You’ll see an architecture that has proven itself over different projects already. The architecture is using the MvvmCross framework. You’ll see how the architecture is built from the ground up, starting with model, the repositories and the services. On top of that, we’ll build the view models which will be used by the views in the iOS and Android apps. Along the way, you’ll see how MvvmCross uses data binding and commanding and how navigation is handled in MVVM

You’ll walk away with an example of how real applications in Xamarin should be built. You’ll be able to use this as your starting point for your next Xamarin application.

Sunday, 12 March 2017

Introducing ASP.NET Core Sockets - Damian Edwards & David Fowler





Overview of the new underpinnings of SignalR in ASP.NET Core plus SignalR itself.

Saturday, 11 March 2017

Pipe forward : Using Elixir and F# together - Bryan Hunter





Elixir and F# are two languages that are loved by their users (and for good reasons). Both are functional. Both are expressive. Both are growing up as the smarter, cooler, prettier younger sibling in their families. Both share the elegant pipe operator . And that (screech) has pretty much exhausted the list of their similarities.

In most other ways they are different, and they are good at different things. F# has a great type system. Elixir has a great concurrency model. F# can run on mobile devices. Elixir can handle requests from millions of mobile devices. Even the timescales of their sweet spots differ.

If both deserve a place in our toolbox how can we use them together? We will explore various interoperability techniques (from loose to tight), and we'll develop an intuition for which hammer not to use on which thumb.

Friday, 10 March 2017

Patterns for application development with ASP.NET Core - Damian Edwards & David Fowler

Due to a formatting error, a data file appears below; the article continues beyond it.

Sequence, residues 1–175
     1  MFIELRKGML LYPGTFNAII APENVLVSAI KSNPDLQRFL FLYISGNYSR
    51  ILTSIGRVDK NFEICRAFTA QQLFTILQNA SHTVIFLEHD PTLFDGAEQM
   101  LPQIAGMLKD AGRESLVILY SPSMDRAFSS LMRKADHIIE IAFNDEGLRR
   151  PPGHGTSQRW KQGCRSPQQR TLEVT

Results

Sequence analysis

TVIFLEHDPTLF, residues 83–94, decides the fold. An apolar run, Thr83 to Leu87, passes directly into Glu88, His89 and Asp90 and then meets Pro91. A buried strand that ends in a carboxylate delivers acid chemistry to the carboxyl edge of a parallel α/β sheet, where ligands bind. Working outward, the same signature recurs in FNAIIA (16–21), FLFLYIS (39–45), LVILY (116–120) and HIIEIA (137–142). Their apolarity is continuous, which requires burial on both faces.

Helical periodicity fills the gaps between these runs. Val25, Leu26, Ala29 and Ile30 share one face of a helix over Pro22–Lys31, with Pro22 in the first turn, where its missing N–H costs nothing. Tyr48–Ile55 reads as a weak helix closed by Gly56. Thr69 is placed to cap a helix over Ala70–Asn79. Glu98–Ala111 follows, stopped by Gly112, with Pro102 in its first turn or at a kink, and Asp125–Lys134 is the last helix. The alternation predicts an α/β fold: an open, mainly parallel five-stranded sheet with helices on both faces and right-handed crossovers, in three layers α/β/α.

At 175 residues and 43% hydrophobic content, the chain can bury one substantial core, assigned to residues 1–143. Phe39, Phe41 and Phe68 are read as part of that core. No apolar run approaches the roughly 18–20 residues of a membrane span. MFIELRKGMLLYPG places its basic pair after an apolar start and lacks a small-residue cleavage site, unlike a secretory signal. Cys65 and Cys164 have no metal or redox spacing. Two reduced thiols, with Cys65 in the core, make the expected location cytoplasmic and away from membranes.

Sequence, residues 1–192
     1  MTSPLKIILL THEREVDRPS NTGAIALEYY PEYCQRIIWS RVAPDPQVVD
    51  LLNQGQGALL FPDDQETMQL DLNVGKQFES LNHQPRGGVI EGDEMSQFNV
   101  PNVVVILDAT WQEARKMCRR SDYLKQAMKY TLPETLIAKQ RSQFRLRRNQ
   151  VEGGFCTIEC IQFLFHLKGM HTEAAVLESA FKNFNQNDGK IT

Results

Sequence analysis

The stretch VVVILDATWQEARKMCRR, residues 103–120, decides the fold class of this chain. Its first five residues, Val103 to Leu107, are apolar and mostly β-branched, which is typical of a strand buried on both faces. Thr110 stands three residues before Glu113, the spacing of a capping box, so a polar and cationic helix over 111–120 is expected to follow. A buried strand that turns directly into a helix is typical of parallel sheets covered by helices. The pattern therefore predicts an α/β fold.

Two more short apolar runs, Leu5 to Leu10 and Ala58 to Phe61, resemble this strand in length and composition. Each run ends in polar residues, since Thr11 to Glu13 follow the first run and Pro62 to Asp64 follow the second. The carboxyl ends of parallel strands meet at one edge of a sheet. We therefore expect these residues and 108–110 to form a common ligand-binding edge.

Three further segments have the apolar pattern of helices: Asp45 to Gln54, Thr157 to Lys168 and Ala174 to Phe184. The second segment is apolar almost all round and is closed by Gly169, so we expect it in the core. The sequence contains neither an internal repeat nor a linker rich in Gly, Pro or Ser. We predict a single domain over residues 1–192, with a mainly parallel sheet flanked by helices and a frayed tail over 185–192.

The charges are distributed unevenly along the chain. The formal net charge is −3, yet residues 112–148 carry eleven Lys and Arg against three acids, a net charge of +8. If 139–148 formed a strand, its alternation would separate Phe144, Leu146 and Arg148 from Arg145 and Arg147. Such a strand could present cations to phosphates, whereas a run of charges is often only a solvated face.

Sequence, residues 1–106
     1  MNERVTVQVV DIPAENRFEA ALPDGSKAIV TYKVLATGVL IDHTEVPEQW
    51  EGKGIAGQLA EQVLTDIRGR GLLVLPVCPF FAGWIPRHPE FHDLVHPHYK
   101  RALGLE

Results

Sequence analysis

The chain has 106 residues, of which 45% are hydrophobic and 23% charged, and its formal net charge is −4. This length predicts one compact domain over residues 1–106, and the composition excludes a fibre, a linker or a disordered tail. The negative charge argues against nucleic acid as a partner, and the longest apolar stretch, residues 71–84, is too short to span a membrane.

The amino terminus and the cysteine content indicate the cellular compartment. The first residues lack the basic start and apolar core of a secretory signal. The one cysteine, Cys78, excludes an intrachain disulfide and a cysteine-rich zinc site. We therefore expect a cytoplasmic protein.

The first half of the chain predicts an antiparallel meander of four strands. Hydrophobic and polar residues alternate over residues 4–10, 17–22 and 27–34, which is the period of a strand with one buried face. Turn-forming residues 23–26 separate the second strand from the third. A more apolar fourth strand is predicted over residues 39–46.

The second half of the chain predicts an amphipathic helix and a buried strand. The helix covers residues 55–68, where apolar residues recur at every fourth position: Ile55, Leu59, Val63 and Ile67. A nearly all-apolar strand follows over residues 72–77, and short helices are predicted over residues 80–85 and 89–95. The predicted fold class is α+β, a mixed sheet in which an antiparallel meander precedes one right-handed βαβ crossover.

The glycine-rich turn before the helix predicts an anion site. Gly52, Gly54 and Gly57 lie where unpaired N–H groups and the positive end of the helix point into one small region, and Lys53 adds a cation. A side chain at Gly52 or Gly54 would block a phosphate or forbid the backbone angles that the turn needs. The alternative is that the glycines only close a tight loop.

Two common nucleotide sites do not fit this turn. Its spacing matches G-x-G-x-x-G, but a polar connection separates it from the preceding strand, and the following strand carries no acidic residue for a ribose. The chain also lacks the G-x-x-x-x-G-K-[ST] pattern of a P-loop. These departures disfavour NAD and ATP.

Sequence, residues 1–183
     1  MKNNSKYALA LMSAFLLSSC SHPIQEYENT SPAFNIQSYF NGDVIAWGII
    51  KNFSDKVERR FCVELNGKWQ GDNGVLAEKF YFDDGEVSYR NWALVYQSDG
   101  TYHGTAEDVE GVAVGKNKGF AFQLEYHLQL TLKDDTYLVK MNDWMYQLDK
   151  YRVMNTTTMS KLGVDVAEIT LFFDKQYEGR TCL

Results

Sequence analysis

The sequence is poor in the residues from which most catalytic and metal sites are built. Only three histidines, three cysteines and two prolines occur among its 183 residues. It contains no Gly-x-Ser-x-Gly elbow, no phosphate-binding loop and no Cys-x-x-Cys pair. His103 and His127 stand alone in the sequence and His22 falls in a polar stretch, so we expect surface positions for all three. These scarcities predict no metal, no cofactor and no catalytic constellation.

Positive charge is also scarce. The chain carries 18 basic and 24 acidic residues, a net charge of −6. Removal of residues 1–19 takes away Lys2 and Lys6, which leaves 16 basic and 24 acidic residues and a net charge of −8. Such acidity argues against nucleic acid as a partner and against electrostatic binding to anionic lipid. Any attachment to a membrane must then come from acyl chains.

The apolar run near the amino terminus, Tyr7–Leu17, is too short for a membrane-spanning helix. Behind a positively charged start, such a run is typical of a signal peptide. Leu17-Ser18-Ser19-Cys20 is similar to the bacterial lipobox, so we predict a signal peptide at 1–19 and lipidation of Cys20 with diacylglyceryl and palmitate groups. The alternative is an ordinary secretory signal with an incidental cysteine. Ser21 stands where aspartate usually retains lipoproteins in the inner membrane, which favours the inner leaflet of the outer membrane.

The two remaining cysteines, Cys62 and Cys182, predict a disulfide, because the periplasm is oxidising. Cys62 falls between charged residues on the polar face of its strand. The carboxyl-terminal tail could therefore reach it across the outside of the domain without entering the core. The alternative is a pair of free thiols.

Focus on use of ASP.NET Core features for “real” applications, DI, logging, using environments & configuration effectively, EF inc. seeding, auth, etc.

Thursday, 9 March 2017

Visual Studio 2017 Launch Keynote



Visual Studio 2017 launch event keynote with Julia Liuson, Brian Harry, Miguel de Icaza, Keith Ballinger and Scott Hanselman as they share the newest innovations in Visual Studio, .NET, Xamarin, Azure, and more.

source: channel9

Wednesday, 8 March 2017

Tasty Topics for Distributed Sys: Novel Approaches Using Topic Filtering - Tom Fairbairn




Are you struggling to pick through large amounts of real time data? Does your IoT project create vast amounts of data and you don’t know how get actionable insights quickly enough? Did you consider the publish/subscribe pattern?

With some imagination, pub/sub can often provide surprisingly simple, efficient solutions. In this talk I’ll highlight some interesting ways to apply pub/sub to some common problems:
· Migrating between data formats;
· Finding the nearest… thing;
· Replaying of the state of the world;
· Controlling third party access to data;
· Monitoring the health of your pub/sub technology.

source: goto

Tuesday, 7 March 2017

Serverless Architecture - Tales from a world without servers - Robin Weston





Serverless architectures have been touted as the next evolution of cloud-hosted software. Indeed, the promise of resiliency and scalability without the need for infrastructure management sounds too good to be true!

But what exactly does a serverless architecture look like? And what are the trade-offs to weigh up when considering using one on your next project?This presentation will give an introduction to the world of serverless architectures. We’ll look at their benefits and drawbacks, the existing tooling and service ecosystems, as well as learnings taken from our usage of AWS Lambda and API Gateway on a recent project.

source: ndc

Monday, 6 March 2017

Building Teams Who Build Data Products - Peter Holford





In our day-to-day lives, we all come in to contact with great products that are build around data in such a way that we don’t even think about the data that drives them. Yet many organisations do not think about building their data teams in this way. In this interactive presentation, we will look at some related disciplines and see what lessons can be drawn for building teams that can build great data products.